Within Victoria there is another significant demographic story. Melbourne grew spectacularly at the expense of its rural and urban hinterland. Failed gold-seekers and others flocked to the metropolis. Melbourne’s population more than doubled between 1861 and 1881, reaching a quarter of a million, while Victoria’s total population only grew by 60 per cent. Even Geelong, which had ambitions to be the pivot of the Victorian economy, stagnated. In the late 1850s its population was just over 23 000 but by 1881 it had only added 145 people. Yet it is Geelong that produces the most successful football team of the first few years of the domestic game and again in the late 1870s. So no migrants, no soccer and the birth and adolescence of the local code.

It was not till the 1880s that migration resumed on a significant scale. ‘Marvellous’ Melbourne had a dramatic economic boom and drew in the newcomers in significant numbers. Among them were many with a background in Association football who formed a number of clubs in Melbourne, played the first inter-colonial games in 1883, and competed for a number of cups and prizes. They had little more than a decade to establish themselves before a long period of economic depression set in and migration virtually ceased again. It was not until the first decade of the twentieth century that renewed migration to Victoria brought people like Harry Dockerty from Glasgow to re-establish soccer in Melbourne. He presented the cup which is still being played for in 2016 by Victorian Association football teams.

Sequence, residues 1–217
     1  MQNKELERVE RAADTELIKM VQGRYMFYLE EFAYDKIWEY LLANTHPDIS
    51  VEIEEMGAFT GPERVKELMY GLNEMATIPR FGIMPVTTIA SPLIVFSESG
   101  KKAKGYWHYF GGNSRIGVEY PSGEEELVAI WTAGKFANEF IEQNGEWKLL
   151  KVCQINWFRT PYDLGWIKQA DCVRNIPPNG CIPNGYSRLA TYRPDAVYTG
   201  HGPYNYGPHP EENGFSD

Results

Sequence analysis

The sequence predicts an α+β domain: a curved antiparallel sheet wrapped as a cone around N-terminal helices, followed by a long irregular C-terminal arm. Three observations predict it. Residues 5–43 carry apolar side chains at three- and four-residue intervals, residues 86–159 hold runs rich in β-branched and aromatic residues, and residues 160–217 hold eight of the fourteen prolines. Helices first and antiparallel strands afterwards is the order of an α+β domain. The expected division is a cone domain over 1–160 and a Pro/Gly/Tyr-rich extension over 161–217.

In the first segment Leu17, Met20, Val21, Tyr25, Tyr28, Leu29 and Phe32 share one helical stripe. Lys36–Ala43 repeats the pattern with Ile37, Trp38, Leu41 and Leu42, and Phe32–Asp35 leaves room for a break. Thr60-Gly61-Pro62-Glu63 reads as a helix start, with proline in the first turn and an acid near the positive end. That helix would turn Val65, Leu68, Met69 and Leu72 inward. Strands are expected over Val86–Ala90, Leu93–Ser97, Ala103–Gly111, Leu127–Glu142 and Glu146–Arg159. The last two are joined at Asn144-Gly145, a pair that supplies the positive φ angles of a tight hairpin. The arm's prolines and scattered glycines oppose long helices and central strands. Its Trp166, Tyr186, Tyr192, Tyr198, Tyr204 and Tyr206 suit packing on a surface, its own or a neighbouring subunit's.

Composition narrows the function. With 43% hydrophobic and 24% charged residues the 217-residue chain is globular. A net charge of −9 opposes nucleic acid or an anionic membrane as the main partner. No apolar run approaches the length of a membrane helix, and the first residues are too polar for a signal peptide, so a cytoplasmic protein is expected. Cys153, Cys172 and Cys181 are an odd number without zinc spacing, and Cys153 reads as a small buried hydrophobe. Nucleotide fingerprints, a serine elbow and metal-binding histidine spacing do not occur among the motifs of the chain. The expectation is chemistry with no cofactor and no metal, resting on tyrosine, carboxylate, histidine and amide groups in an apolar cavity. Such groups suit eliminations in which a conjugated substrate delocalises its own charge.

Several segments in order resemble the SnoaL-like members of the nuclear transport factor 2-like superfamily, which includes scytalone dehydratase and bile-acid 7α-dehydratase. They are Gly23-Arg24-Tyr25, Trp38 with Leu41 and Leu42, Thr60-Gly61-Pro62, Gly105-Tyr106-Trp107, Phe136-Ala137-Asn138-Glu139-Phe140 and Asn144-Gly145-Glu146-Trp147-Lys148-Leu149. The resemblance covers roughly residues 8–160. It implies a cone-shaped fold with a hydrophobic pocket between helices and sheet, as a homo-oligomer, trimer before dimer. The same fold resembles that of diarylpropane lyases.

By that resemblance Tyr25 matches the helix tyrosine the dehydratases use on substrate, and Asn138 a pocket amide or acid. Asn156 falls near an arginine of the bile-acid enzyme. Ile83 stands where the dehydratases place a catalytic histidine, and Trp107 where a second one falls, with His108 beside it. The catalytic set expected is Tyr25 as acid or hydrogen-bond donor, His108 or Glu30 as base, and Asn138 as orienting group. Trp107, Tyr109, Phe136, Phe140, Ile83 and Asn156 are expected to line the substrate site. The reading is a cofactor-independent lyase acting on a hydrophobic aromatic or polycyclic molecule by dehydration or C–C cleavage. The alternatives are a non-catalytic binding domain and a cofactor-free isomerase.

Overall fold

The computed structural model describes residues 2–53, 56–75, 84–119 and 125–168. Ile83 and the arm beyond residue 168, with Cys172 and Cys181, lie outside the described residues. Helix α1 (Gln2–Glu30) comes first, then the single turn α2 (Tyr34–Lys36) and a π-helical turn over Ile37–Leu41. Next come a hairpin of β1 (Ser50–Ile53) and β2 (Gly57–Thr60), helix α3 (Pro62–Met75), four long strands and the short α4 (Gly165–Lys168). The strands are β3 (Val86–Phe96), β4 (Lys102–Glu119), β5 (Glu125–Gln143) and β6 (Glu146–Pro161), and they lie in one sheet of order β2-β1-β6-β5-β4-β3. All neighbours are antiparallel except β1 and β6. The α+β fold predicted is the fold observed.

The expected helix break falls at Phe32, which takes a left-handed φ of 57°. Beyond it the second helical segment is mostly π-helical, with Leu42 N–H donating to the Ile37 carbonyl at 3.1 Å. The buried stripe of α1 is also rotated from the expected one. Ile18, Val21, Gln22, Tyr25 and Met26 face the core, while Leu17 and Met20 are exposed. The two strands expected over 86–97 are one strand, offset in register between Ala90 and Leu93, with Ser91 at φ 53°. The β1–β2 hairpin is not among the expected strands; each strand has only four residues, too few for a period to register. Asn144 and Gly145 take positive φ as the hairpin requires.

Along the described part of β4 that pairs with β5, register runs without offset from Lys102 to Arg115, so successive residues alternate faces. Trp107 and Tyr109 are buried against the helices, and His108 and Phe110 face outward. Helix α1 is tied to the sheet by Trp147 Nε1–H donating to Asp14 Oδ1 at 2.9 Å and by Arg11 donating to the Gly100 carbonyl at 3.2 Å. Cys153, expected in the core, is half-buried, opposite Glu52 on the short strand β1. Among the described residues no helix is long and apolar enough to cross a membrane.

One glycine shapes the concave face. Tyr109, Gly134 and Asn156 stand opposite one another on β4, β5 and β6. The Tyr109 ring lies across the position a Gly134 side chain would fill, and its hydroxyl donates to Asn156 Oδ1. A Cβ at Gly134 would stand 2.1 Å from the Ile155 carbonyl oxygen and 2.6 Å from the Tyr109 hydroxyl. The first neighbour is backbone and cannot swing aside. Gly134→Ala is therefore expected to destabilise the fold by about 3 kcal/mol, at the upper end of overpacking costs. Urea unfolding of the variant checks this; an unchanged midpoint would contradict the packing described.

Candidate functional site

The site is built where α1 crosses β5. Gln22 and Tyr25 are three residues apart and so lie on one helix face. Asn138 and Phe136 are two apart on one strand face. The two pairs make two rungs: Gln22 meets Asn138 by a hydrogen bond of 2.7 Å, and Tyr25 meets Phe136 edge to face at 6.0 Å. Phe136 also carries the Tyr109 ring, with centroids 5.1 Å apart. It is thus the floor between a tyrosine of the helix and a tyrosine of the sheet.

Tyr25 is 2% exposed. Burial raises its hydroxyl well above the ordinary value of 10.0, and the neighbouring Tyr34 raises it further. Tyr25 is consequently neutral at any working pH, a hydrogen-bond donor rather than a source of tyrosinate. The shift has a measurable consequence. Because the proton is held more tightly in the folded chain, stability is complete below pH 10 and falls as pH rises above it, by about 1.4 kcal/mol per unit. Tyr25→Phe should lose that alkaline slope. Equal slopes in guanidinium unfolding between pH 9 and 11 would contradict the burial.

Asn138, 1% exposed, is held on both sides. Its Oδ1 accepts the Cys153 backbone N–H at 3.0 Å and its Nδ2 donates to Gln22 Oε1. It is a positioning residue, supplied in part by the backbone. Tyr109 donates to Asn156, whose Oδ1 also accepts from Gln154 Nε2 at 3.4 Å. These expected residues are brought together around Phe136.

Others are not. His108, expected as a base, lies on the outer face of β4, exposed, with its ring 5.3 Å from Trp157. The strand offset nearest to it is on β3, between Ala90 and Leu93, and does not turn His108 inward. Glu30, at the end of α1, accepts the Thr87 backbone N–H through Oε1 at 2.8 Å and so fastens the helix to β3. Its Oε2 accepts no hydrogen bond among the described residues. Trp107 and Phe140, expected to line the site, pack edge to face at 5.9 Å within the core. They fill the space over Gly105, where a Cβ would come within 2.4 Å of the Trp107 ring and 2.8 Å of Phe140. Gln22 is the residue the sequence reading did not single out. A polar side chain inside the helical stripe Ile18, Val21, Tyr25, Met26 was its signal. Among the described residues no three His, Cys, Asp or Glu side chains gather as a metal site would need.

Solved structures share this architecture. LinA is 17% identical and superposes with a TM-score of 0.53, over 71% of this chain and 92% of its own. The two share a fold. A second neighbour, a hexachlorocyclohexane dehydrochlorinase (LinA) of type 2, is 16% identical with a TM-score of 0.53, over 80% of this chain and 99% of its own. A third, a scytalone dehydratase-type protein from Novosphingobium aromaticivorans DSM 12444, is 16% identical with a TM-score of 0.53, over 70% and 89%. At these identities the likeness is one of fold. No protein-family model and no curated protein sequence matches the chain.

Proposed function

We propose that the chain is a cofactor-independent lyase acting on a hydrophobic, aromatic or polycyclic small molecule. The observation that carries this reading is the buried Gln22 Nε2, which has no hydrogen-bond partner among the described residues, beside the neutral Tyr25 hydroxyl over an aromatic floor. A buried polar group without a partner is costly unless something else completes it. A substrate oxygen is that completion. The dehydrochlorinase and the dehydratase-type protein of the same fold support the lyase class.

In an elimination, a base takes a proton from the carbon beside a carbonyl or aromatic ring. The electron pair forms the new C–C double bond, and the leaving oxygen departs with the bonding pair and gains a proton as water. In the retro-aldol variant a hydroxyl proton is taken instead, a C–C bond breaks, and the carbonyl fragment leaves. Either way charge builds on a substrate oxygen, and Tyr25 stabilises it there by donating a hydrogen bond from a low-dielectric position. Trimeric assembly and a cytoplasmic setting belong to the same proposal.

Tony Ward has argued in recent articles that the early achievement of a Saturday half-day in Victoria, initially by the stonemasons, meant more leisure for some skilled workers and hence a chance to attend sporting occasions. Others, like the tramway drivers, worked broken time and had gaps in afternoons. But it was probably the growth of a middle-class with discretionary income and more control over their working hours that enabled men and women to attend matches in significant numbers. My argument here about the key role of the absence of inward migration reinforces the importance of demographic factors in the establishment of football in Victoria.

One other matter needs to be emphasised. The people who promoted football in Melbourne and Victoria in the newspapers of the mid-nineteenth century were, like the framers of the first rules, recent migrants with a knowledge of the English public schools and their games. On the other hand, they knew nothing about the varieties of football already being played in Victoria, and hence, in ignorance, could believe and assert that they were introducing football to the colony. Their unconscious imperialism helped establish the local code and gradually obliterated domestic and overseas rival forms. It’s a mindset that hasn’t entirely vanished today.

The full story, complete with the relevant statistics, is in an article in the International Journal of History of Sport, available on line at free until the end of May 2016 and later this year in hard copy.